The mood to clean up and refresh seems to be an annual idea. Perhaps it's the freshness of the outdoors, the signs of new life, or just the need to make changes after months of being cooped indoors. Regardless, some basic financial rules need to be followed when delving into spring cleaning: sell it, donate it, toss it.
The first rule of spring cleaning is to decide was is resalable. If an item is nearly new, brand new, or collectible consider selling it. Your basic options are to have a yard sale or to sell it on a venue such as eBay.
The following items resell well on the internet if they are in new or nearly new condition: children's clothes (3T and under), children's toys, baby items, sports collectibles, and hard to find sizes of quality clothing (XXXL, etc.) Anything can sell in an online auction, but timing seems to be everything. Don't list everything; there are items that could be free and they wouldn't attract attention. Shop around the site to explore what's selling, what's over-listed, and what's unique.
Yard sales are a good way of selling items that will not sell well online. Separate your sale items into two categories, yard sale and online sale. Typical strong sellers at yard sales include: items too large to ship from on online sale, furniture, craft items, children's items, electronics and appliances, household fixtures, and decorative items. Don't clutter your yard sale with items such as clothing and glassware; this will deter the "drive-by shoppers."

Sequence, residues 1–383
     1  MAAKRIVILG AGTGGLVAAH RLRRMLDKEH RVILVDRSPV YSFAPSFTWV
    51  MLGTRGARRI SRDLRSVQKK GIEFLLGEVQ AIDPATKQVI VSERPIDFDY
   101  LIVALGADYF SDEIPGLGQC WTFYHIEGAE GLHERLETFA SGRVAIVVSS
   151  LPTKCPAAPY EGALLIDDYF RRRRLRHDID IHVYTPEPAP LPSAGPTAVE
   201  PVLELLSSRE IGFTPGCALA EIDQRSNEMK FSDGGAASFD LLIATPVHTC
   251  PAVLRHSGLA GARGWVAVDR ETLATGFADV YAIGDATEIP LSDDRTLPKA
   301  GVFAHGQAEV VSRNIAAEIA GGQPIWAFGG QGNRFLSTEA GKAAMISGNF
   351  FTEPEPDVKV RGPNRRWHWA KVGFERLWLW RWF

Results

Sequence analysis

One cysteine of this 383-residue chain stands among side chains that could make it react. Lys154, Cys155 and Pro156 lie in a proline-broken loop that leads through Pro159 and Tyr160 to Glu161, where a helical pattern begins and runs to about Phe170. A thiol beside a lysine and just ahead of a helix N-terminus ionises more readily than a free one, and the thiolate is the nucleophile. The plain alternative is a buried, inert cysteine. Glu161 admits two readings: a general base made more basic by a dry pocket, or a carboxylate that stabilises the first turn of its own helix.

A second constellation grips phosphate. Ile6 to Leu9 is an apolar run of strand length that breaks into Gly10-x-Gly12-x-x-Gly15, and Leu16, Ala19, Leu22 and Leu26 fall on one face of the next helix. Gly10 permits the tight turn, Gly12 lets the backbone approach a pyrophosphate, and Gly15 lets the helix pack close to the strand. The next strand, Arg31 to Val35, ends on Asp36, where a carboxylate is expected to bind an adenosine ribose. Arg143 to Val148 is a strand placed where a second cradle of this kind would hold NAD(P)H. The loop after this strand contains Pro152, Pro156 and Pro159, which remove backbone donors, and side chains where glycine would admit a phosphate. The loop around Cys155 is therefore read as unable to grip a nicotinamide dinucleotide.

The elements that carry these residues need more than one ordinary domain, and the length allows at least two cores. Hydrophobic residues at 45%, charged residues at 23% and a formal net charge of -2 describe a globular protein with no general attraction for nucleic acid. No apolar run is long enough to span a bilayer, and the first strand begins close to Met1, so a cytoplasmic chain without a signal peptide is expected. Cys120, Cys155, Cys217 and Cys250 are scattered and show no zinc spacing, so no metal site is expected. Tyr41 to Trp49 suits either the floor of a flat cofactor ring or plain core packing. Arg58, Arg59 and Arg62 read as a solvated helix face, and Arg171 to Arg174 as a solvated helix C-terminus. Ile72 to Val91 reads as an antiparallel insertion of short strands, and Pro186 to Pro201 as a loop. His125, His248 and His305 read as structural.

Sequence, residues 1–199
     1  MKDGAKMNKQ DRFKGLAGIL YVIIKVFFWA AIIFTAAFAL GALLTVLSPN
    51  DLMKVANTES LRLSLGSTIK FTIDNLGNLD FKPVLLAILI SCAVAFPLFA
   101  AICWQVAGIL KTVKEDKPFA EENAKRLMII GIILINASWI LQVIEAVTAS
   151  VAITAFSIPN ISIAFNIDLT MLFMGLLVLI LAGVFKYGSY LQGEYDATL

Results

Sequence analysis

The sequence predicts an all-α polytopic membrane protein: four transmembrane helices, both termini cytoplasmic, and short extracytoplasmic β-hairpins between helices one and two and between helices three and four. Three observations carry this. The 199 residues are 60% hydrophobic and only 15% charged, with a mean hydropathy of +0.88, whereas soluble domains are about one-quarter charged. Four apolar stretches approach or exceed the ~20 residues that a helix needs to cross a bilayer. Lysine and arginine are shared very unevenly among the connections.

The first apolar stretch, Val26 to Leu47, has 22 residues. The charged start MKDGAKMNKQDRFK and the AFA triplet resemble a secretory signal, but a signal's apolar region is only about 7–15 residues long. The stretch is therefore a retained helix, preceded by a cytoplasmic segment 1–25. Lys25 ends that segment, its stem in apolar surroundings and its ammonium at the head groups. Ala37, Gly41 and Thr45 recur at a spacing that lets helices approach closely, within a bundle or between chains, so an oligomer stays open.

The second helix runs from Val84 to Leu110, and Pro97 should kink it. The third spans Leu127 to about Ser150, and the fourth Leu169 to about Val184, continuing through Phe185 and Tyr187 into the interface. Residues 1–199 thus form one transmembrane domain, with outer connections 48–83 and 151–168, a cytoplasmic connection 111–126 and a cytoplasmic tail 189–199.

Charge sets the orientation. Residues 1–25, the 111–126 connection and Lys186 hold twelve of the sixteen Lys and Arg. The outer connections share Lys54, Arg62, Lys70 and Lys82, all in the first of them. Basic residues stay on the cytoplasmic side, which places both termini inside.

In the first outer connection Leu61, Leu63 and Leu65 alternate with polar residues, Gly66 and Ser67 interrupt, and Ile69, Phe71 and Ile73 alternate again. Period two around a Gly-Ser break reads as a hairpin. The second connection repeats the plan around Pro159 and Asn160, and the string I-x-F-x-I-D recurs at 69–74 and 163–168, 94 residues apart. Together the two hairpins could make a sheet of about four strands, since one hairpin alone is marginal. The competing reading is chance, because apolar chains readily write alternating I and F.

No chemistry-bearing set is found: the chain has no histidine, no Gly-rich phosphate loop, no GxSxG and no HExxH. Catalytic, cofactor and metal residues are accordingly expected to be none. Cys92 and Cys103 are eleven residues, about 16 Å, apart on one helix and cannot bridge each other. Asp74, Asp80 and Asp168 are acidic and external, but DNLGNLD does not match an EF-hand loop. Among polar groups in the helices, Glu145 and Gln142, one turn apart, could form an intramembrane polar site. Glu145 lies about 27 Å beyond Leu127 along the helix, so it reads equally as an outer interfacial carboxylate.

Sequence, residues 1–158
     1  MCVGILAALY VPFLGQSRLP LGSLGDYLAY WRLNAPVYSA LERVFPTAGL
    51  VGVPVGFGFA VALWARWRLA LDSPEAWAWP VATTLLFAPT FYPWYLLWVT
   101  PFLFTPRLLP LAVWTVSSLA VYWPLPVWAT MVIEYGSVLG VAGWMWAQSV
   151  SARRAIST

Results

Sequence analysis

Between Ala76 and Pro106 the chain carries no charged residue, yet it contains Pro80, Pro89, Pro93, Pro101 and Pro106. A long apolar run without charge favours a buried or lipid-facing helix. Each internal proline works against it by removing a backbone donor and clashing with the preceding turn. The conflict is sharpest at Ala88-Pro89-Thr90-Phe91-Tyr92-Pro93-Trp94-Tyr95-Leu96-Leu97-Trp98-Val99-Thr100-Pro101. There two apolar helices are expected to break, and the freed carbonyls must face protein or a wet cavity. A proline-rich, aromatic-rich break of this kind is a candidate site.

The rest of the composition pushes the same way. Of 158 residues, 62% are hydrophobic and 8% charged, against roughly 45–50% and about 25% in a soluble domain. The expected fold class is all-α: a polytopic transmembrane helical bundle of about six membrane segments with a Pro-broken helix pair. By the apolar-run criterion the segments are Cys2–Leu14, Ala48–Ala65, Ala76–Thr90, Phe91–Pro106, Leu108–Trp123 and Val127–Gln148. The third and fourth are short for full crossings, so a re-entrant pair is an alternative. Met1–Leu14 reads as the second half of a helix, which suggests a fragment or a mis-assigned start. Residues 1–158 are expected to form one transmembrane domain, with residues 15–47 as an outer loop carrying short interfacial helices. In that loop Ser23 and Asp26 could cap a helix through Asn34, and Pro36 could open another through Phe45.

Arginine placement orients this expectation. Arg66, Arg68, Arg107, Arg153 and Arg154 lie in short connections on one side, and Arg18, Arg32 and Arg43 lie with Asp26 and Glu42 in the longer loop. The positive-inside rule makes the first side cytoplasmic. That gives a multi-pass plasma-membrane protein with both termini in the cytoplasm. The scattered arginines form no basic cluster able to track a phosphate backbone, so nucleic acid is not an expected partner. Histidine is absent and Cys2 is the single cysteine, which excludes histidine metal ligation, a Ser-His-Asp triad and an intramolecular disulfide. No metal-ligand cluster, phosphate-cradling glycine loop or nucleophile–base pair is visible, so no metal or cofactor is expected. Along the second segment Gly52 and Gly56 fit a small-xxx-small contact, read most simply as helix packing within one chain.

Items that don't resale well but are in good condition should be donated to a local charity. Some charities collect for redistribution to those in need, and others resell the items at thrift stores that work as non-profit. Both are assets to healthy communities, and your contribution can mean a great deal to someone.
Items such as clothing, dishes, and books usually find a happy home at these collection areas. Avoid donating items that are damaged, soiled, or outdated. These items actually cost the charity money to dispose of themselves, not to mention the man-hours needed to sort through them. The resale is not worth their time to repair items.
Sadly, some things need to be tossed. Any item which is broken/torn or soiled beyond cleaning should be discarded. No one is going to repair it; if that were true it would have been repaired already. Every item will come to the end of its usable life at some point; there is no point in prolonging the inevitable.
In the end, don't forget the final rules that apply to your spring cleaning money:
Save the money you earn from your resale and put it towards something you will really enjoy. Don't put it in your pocket and let it disappear on cups of coffee and lunches. Items that were donated to charity are tax-deductible making them a small earning in the long run; keep your receipts. Lastly, learn from your spending mistakes. For every piece of clutter that was nearly new, learn from it. Money was spent on something that wasn't used. Keep that in mind when shopping; it will save you money and spring cleaning next year.
About The Author: Kelly Ann Butterbaugh is a freelance writer who regularly contributes to a variety of magazines and has written a history book for middle readers. Visit her website for writing help, lesson plans, history fun, or work for hire at http://www.kellybutterbaugh.com
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